European companies are less upbeat about China’s vast market as its economy slows

Beijing (AP) — China is actively seeking foreign investment to stimulate its decelerating growth, however, this sluggishness is impeding company strategies to expand their businesses in the world’s second largest economy, as indicated by an annual survey of over 500 European companies. The slowing economy has become the primary concern for respondents to the European Chamber of Commerce in China survey, released on Friday. While China continues to be a favorable location for investment, the percentage of companies considering an expansion of their operations in the country this year has dropped to 42%, marking the lowest level ever recorded.

The prevailing challenges are further exacerbated by the subdued economic conditions and declining business confidence, as articulated by Jens Eskelund, the president of the European Chamber. “Businesses are beginning to recognize that certain pressures observed in the local market, such as intensified competition and diminished demand, may have a more enduring impact,” he conveyed to reporters earlier this week. “This is starting to influence investment decisions and strategic approaches towards local market development.” Despite government initiatives aimed at stimulating consumer expenditure, apprehension persists due to a fragile job market. Although first-quarter economic growth surpassed expectations with a 5.3% annual pace, much of this expansion stemmed from government outlays on infrastructure and investments in industrial facilities and equipment.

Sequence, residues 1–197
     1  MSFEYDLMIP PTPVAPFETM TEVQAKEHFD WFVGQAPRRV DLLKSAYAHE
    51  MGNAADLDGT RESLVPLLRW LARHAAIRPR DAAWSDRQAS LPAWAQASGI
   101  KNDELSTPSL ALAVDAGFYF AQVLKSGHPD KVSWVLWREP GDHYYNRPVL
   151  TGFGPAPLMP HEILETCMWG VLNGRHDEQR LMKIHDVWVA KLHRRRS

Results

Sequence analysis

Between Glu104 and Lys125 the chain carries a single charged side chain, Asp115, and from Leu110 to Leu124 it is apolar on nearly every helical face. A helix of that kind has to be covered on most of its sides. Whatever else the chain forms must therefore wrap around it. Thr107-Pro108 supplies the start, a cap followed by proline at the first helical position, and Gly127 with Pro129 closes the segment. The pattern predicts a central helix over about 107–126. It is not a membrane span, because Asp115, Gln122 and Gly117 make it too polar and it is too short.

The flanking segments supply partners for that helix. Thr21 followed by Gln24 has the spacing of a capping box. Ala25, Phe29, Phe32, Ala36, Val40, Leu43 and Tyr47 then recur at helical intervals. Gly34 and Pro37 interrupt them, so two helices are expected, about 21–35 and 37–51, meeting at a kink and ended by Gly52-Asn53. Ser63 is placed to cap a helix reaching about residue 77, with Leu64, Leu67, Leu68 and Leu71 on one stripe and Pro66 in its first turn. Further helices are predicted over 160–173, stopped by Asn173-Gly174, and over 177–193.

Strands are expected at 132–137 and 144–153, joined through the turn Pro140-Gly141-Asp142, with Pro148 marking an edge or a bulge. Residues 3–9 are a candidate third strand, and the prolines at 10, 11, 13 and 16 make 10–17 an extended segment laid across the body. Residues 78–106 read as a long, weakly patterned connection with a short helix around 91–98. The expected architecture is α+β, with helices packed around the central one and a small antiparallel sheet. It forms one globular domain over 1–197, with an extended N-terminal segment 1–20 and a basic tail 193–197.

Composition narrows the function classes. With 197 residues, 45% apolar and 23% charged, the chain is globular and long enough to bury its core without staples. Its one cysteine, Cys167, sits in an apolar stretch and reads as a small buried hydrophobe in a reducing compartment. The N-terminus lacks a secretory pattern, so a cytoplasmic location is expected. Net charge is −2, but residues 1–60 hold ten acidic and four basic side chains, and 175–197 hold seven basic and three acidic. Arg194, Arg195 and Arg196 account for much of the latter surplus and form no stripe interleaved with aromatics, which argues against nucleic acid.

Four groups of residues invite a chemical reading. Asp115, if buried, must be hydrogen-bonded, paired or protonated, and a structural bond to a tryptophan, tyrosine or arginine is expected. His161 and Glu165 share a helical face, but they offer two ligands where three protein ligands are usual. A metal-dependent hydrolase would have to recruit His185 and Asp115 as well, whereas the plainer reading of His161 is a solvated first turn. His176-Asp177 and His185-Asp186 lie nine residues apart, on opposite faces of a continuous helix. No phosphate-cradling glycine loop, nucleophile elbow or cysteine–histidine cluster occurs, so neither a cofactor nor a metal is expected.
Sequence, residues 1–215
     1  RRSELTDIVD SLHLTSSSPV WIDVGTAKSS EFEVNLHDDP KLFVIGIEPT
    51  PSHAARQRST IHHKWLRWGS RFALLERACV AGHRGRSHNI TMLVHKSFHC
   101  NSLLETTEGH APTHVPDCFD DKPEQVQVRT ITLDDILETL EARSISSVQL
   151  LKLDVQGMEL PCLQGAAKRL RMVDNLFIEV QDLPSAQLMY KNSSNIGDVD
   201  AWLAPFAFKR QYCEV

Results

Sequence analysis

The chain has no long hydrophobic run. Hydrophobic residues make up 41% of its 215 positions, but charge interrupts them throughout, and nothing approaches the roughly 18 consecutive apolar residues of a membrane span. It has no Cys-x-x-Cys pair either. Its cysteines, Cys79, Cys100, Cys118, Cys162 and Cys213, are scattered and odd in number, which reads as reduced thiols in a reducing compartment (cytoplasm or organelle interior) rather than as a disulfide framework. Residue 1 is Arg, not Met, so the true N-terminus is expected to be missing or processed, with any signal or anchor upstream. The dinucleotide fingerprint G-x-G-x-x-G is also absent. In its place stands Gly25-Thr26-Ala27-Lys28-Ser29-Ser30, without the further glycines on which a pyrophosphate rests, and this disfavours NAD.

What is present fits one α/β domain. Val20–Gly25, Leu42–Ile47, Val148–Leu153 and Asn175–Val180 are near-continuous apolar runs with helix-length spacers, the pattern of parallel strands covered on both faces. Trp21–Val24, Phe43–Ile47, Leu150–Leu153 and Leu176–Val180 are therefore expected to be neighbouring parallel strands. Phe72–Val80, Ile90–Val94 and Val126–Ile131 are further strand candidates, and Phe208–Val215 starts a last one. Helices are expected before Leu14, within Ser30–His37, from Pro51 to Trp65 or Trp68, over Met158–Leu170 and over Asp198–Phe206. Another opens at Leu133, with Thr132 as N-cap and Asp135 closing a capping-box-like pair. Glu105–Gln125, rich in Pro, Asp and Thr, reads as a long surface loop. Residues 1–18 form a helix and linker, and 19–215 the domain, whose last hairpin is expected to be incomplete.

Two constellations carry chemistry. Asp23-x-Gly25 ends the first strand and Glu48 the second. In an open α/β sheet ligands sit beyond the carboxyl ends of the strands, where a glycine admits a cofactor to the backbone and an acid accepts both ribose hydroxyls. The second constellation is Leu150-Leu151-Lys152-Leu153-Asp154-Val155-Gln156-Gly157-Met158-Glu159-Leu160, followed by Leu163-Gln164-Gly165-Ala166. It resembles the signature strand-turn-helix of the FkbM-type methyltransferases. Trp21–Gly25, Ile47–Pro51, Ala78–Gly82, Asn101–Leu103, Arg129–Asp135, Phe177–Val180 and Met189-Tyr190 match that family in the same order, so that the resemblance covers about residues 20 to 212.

Substantial investment in sectors such as solar power panels and electric cars has led to heightened price competition, exerting pressure on profits. More than one-third of the survey participants reported witnessing excess production capacity within their respective industries. Fifteen percent of companies operating in China ended 2023 with financial losses. According to Eskelund, foreign enterprises prioritize growth in domestic demand over manufacturing capacity, emphasizing the significance of GDP composition rather than headline figures like a 5.3% growth rate. Close to 40% of respondents have relocated or are contemplating relocating future investments outside of China, with Southeast Asia and Europe emerging as primary beneficiaries followed by India and North America. Although nearly 60% indicated their commitment to existing investment plans for China, this figure represents a decline from the previous year’s responses.

“It is not a matter of companies giving up on China, but rather the emergence of other countries as formidable competitors to China,” stated Eskelund on Friday. The survey report indicates that “China’s appeal as a premier investment destination is waning” and cautions that unless there are improvements in the business environment, companies will seek opportunities elsewhere. The percentage of companies expressing optimism about expanding their operations in China this year has decreased to approximately one-third, down from over half in 2023. Only 15% are optimistic about profit growth. More than half anticipate reducing costs in China this year, with 26% planning to downsize their workforce — further exacerbating the strain on an already tight job market.”